Apple Called Out In US Senate For Bowing To Communist China
Sen. Marco Rubio lambasted Apple during a hearing Wednesday for its continued kowtowing to communist China, which notoriously censors free speech online. Rubio took particular issue with Apple CEO Tim Cook, who spoke at the World Internet Conference in China earlier this month.
“The most confusing part of it all is that Apple CEO Tim Cook stood up at that conference and he celebrated China’s vision of an open internet,” Rubio said, referring to how China censors the internet. “He delivered the keynote speech on the opening day of that gathering.”
President Trump has repeatedly called out China for taking advantage of the U.S. government and American companies. Rubio made the comments at Wednesday’s hearing on “The Long Arm of China: Exporting Authoritarianism With Chinese Characteristics.”
Apple made headlines earlier this year when, at China’s request, the company removed hundreds of VPN apps from its app store because Chinese users might be able to freely access information through the technology, something China would not tolerate.
“Apple admitted that it had removed 674 VPN apps from its App Store in China,” Rubio continued. “These are tools that allow users, of course, to circumvent censorship by routing traffic through other countries and to comply with, what they said they were complying with.”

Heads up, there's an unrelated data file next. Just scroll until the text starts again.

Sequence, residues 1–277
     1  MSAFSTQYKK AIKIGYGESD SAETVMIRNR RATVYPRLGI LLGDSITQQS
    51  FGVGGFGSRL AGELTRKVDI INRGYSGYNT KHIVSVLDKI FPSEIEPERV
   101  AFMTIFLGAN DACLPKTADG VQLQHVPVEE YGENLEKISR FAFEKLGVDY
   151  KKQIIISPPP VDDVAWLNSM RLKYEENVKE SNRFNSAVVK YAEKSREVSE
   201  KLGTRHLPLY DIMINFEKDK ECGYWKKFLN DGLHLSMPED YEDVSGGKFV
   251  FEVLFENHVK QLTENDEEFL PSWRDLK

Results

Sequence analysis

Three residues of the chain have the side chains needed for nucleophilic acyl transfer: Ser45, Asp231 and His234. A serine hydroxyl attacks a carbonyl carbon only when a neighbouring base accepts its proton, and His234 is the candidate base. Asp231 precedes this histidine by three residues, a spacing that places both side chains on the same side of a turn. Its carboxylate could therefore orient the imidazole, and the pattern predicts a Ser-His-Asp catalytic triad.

Senators Ted Cruz and Patrick Leahy wrote a joint letter to Apple CEO Tim Cook earlier this year calling him out for removing the apps. Privacy experts worry it could set a bad precedent for American countries in China.
“We think that Apple might not realize the full repercussions of removing VPN apps from China since there are also many freedom fighters or those in opposition to the government who need VPNs to remain anonymous or face a serious danger to their safety,” said Marty P. Kamden, CEO of NordVPN.
Rubio finished by twisting the knife:
“So again, here’s an example of a company, in my view, so desperate to have access to the Chinese market place that they are willing to follow the laws of that country even if those laws run counter to what those companies’ own standards are supposed to be. And a good example for the United States and for our people, how some of these individuals like to come here and lecture us about free speech and human rights and domestic problems, then go abroad and are fully cooperative on some grotesque violation of human rights because there’s a lot of money to be made, and they don’t want to offend their host country.”
Article by Casey Harper